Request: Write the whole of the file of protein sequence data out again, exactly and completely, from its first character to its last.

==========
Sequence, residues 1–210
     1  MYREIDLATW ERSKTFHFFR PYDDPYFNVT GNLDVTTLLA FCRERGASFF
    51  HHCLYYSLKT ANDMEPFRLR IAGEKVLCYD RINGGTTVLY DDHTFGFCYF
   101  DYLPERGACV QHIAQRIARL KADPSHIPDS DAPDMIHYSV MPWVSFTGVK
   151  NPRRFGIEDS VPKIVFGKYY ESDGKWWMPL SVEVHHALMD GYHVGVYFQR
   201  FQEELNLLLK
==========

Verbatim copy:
Sequence, residues 1–210
     1  MYREIDLATW ERSKTFHFFR PYDDPYFNVT GNLDVTTLLA FCRERGASFF
    51  HHCLYYSLKT ANDMEPFRLR IAGEKVLCYD RINGGTTVLY DDHTFGFCYF
   101  DYLPERGACV QHIAQRIARL KADPSHIPDS DAPDMIHYSV MPWVSFTGVK
   151  NPRRFGIEDS VPKIVFGKYY ESDGKWWMPL SVEVHHALMD GYHVGVYFQR
   201  FQEELNLLLK